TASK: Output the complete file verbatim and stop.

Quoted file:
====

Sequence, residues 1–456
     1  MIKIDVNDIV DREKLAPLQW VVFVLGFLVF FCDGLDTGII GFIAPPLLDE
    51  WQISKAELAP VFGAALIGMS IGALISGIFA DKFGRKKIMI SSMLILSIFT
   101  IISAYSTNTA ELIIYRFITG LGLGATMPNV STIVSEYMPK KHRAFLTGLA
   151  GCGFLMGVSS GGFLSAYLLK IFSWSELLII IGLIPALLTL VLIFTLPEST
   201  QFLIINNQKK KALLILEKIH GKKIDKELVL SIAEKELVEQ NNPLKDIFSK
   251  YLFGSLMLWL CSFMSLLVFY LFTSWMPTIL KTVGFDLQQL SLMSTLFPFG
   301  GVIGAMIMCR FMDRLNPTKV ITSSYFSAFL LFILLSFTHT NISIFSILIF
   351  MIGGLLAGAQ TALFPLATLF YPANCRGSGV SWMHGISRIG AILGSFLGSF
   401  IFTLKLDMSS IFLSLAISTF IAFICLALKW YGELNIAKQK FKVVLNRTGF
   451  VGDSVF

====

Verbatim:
Sequence, residues 1–456
     1  MIKIDVNDIV DREKLAPLQW VVFVLGFLVF FCDGLDTGII GFIAPPLLDE
    51  WQISKAELAP VFGAALIGMS IGALISGIFA DKFGRKKIMI SSMLILSIFT
   101  IISAYSTNTA ELIIYRFITG LGLGATMPNV STIVSEYMPK KHRAFLTGLA
   151  GCGFLMGVSS GGFLSAYLLK IFSWSELLII IGLIPALLTL VLIFTLPEST
   201  QFLIINNQKK KALLILEKIH GKKIDKELVL SIAEKELVEQ NNPLKDIFSK
   251  YLFGSLMLWL CSFMSLLVFY LFTSWMPTIL KTVGFDLQQL SLMSTLFPFG
   301  GVIGAMIMCR FMDRLNPTKV ITSSYFSAFL LFILLSFTHT NISIFSILIF
   351  MIGGLLAGAQ TALFPLATLF YPANCRGSGV SWMHGISRIG AILGSFLGSF
   401  IFTLKLDMSS IFLSLAISTF IAFICLALKW YGELNIAKQK FKVVLNRTGF
   451  VGDSVF